Sure enough, good old-fashioned terrestrial radio saved the day. There was a slight delay, but only a few seconds, between the action on the field and the AM broadcast reaching my ears.

It was certainly workable and an interesting example of old technology beating new.

I have a few theories as to why the difference might be — including network latency, additional advertising on the live stream, or maybe an MLB policy or media rights issue — but I wasn’t able to get an answer in time for this episode. I’ll see if I can figure it out and feel free to let me know your ideas and theories at

In the meantime, I’m perfecting my Steve Bartman cosplay in the stands. Anyone who appreciates listening to play-by-play while watching a live game is fine with me.

Technology in the stadium: In the second section, my colleague John Cook and I discuss and debate ways to make the game faster, the potential for augmented reality in the stands, the pros and cons of replacing referees with robots, and John’s surprising concerns about the retractable T-Mobile parking roof.

Amazon One and “Just Walk Out” at the game: Of course, one of the worst parts of attending a professional sports game is waiting for a drink or snack and missing out on a crucial game on the field.

But this is one of the places where Amazon is offering its Just Walk Out technology, at a takeaway grocery and beverage store called “Walk-Off Market,” which opened earlier this year at T-Mobile Park near Section 126 beyond Homeplate was opened.

Entering the Amazon-operated “Walk-Off Market” in T-Mobile Park with the palm of my hand. (Photo by GeekWire/Taylor Soper)

You can enter by either swiping a credit card or scanning your palm if you’ve already registered with the Amazon One system, and the overhead cameras and sensors will track you around the store to see what you’re picking up and taking away, and automatically charge your card .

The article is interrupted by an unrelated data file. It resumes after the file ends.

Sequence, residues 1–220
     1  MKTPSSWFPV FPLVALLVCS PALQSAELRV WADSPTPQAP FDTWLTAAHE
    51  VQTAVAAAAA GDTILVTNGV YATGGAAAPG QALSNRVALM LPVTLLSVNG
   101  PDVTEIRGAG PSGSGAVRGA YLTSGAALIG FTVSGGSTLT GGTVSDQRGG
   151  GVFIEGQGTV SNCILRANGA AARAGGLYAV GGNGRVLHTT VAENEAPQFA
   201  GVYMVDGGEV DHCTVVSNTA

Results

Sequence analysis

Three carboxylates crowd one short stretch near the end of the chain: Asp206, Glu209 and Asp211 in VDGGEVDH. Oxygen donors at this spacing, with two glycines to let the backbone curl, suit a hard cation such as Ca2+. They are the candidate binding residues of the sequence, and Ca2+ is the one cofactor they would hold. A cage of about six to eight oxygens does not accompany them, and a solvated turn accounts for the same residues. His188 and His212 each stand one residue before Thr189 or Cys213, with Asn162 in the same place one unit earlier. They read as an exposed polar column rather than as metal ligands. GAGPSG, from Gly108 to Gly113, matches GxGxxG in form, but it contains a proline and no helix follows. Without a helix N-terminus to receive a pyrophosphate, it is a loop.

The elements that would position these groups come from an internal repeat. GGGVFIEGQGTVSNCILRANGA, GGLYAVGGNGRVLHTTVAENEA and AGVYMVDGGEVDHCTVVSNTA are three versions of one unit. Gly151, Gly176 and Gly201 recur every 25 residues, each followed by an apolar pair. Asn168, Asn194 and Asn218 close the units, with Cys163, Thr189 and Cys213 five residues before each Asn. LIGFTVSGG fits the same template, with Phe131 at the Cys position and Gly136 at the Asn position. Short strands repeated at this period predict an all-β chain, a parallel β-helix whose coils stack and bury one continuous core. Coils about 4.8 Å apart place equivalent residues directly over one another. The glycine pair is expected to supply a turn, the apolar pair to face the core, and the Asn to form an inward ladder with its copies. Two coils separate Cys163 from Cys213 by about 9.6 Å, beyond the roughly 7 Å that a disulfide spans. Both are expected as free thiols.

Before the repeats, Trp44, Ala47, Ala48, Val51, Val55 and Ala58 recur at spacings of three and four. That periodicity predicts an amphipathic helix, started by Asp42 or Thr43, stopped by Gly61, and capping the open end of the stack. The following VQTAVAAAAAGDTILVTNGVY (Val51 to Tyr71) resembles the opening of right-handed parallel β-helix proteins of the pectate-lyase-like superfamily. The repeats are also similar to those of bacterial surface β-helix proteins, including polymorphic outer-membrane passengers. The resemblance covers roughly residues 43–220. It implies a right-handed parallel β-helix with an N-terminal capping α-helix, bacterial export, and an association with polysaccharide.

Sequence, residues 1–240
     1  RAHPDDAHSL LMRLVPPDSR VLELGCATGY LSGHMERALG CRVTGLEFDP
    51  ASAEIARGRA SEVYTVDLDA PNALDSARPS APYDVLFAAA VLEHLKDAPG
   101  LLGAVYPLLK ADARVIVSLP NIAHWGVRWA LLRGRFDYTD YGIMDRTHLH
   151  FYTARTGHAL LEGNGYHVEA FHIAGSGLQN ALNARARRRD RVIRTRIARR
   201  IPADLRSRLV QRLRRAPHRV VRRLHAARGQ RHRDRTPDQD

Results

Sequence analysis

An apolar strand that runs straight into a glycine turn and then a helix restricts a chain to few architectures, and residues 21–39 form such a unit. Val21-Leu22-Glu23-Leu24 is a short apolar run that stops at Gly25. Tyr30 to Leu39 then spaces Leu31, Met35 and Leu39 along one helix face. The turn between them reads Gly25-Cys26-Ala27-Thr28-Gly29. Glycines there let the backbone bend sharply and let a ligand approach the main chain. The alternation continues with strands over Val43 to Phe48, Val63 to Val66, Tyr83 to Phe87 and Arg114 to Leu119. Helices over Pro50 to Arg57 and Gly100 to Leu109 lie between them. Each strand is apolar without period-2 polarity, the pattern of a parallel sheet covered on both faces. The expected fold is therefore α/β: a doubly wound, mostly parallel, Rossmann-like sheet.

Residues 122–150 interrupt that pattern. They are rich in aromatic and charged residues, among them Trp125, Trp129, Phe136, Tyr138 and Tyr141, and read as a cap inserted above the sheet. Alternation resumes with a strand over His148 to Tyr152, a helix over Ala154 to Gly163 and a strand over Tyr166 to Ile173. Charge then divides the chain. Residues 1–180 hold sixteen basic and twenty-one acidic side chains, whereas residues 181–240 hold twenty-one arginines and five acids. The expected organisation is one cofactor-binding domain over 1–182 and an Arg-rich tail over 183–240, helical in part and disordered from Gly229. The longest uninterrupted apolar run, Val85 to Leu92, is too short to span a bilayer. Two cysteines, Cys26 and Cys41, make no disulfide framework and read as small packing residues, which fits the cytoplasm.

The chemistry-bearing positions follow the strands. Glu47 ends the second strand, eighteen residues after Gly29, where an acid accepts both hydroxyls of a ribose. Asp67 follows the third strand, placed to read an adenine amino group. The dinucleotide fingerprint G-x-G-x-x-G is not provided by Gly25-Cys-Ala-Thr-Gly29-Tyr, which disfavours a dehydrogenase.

Having already registered my Palm and credit card with Amazon One in 2020 at the Amazon Go store at the company’s headquarters, I was able to enter the store at T-Mobile Park by simply running my palm over the sensor and the gate swung open. I went straight to the large fridges in the back but was stopped by a worker who asked for my ID.

I understand there are liquor laws governing this, but if I give Amazon my biometrics it would be great if the system could know I’m well over 21 and somehow allow me into the beer go section without having to show my ID. There’s some customer feedback for the folks over at the Day One Tower.

Anyway, after pondering the large beer selection, I made my selection and then grabbed a Mariner Dog from the hot box. Before leaving, I opened my beer can per another worker’s instructions – they don’t want fans to be able to use an unopened beer can as a projectile from the booth. Even with that and the carding, the whole experience lasted about two and a half minutes. It could easily have taken less than a minute if I had spent less time choosing the beer.

My colleagues Kurt Schlosser and Taylor Soper put together a full video and story of when the Walk-Off Market opened.

But I do have an important afterword to add to this hot dog that Taylor and I discussed while we were back in the stands Thursday afternoon. The hot dog was lukewarm and the bun was stale. As Taylor noted, I had encountered one of the downsides of takeout.

OK, podcast fans, that’s the ball game. Thanks for listening (and reading).